I have never gone, because in all the years I've been working in the space, SaaS companies have never been a target customer of mine. And while I would love to spend money going to commiserate with other SaaS founders about what's hard and what's easy, the reality is I'd rather spend that money going to the conferences where my customers actually are going to be.
Edith: So I have a multi-faceted answer for you. I remember a really funny story I heard when we were starting out from another investor. He was talking about he got really pissed off at an investment he'd made in a company where he's like, I just want to be famous. They don't really need to care about a salary, they just want to go to the parties.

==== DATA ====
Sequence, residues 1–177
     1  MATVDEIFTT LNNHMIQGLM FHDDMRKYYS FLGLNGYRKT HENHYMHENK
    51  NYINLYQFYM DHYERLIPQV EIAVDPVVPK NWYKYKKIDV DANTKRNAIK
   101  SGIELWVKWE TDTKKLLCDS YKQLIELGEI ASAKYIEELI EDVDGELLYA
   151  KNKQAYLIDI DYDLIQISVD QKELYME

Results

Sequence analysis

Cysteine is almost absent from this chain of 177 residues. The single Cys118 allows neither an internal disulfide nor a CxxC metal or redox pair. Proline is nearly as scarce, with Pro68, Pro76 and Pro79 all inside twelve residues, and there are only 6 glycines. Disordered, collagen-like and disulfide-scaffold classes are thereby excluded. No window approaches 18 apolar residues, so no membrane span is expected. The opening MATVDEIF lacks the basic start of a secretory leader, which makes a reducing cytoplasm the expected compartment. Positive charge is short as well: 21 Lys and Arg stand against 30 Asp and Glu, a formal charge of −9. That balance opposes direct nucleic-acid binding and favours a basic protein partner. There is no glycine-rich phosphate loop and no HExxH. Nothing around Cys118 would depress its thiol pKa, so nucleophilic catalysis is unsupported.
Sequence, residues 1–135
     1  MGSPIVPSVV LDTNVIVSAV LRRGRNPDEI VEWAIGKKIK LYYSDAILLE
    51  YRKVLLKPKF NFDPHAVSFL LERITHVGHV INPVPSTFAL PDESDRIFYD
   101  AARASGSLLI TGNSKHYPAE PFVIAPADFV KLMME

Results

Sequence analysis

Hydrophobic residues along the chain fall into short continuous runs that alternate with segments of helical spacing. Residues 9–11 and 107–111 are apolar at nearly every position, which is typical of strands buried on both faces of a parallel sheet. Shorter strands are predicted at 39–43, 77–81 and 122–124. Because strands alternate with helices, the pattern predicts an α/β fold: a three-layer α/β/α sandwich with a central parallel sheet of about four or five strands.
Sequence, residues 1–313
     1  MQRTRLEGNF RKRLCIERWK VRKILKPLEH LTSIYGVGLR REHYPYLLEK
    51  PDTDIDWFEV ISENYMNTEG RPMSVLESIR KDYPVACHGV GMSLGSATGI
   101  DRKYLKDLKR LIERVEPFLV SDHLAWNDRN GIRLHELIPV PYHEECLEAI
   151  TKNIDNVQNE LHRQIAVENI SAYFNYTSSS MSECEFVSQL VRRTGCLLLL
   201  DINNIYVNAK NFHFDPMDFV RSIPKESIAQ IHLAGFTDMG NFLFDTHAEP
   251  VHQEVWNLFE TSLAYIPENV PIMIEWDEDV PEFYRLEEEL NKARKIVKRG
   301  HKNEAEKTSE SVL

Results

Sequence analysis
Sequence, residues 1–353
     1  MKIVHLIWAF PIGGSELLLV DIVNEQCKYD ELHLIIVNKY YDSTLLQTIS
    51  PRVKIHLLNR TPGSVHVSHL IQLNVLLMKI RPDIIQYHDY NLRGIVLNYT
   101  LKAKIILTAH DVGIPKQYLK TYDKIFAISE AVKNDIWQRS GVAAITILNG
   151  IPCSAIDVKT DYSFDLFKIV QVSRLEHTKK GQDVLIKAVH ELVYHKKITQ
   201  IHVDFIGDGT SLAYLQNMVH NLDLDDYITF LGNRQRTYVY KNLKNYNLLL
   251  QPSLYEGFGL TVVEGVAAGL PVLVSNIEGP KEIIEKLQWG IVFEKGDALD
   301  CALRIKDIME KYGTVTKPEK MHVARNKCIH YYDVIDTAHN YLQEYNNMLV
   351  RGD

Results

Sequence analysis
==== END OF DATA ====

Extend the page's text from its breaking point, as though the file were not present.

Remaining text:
Sean: To be fair Edith, I also want to be famous which is why I'm here doing a podcast with you. So we all have a shared interest in being famous.
Edith: You are famous, I told you I was in Hong Kong and people were wearing Flurry shirts!
Sean: That's awesome!
Edith: I have a picture, I took a picture of you with a dude in a Flurry shirt.
Sean: It's like they give away those t-shirts after the world series.
Edith: I think some founders are motivated by, honestly, they want to be famous. Which by the way is not me, that's why I do a podcast. Some people want to be rich, and some actually just want to change the world.